Sodexo mobilises globally and board cuts pay to support laid-off staff
The family principal and chiefs of Sodexo, the French family-owned food services and facilities management group, will cut their pay and support their staff made redundant because of the coronavirus outbreak with a $32.6 million fund.
Sophie Bellon (pictured), 58, the second-generation chairwoman of the $24 billion company, will waive 50% of her remuneration over the coming six months, Sodexo announced this week. Denis Machuel, the non-family chief executive will also waive 50% as well as his variable remuneration for the fiscal year. Executive committee members will give up 10% of their fixed remuneration over the coming six months in addition to their annual variable remuneration. The company’s 200 senior executives from all operations around the world will also waive their annual variable remuneration.
The savings will be directed into a €30 million ($32.6 million) Sodexo Employee Relief Programme to help on-site staff who face layoffs. The global programme will be administered locally according to the needs of each country and support will depend on such factors as the existence of government social protection schemes, the family business said.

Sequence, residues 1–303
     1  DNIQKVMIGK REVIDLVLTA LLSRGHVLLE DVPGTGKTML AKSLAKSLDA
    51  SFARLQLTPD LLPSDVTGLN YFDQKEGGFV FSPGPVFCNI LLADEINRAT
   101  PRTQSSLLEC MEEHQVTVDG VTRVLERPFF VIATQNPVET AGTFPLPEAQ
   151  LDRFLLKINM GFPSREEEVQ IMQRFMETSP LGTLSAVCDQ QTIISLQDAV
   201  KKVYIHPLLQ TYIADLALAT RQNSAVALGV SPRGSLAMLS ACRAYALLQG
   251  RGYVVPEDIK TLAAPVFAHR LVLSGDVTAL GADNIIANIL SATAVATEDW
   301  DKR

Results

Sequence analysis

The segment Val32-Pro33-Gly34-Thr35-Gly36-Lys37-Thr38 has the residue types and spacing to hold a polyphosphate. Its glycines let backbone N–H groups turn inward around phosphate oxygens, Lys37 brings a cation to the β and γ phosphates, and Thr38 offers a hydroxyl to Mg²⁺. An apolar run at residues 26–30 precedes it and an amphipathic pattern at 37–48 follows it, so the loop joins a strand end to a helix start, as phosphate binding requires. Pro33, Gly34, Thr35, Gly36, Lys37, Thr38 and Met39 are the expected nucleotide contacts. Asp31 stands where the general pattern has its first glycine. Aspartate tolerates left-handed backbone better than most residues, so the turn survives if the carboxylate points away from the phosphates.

Bellon, daughter of founder Pierre Bellon, said Sodexo’s teams were its most precious asset.
“In adversity, they demonstrate the strength of our values and their professionalism without fail. I want to highlight my support and express my gratitude to them during these particularly difficult times.”
The family’s solidarity with its staff was the latest tactic in Sodexo’s almost military-scale mobilisation to continue operations while combating the health, economic and social fallout from Covid-19 across the 67 countries it operates in.
Sodexo staff supported healthcare professionals and patients in the hospitals of Wuhan, the Chinese province where the outbreak started in December. The 95,000 employees working globally in hospitals and senior residences have been supported by team members from less active sites. Teams continue to distribute 300,000 meals a day to US students despite the closure of schools and colleges.
Henkel makes hand disinfectants and donates millions
Henkel, Germany’s fifth-generation $22 billion chemical and consumer goods company, has switched production lines to make 25,000 litres of hand disinfectants and give to healthcare professionals fighting the coronavirus.
This week, the 174-year-old family business converted a production facility at its Dusseldorf site and made the first batch for nearby hospitals and public institutions. The firm said it will produce another 25,000 litres of disinfectant next week for wider distribution.
Henkel said it will donate five million units of personal and household hygiene products globally. This includes hand sanitisers, soaps and protective equipment as well as detergents, disinfectants and other household cleaning products. Henkel’s “corporate citizenship team” will deliver the donations in step with charities, local authorities and partners around the world.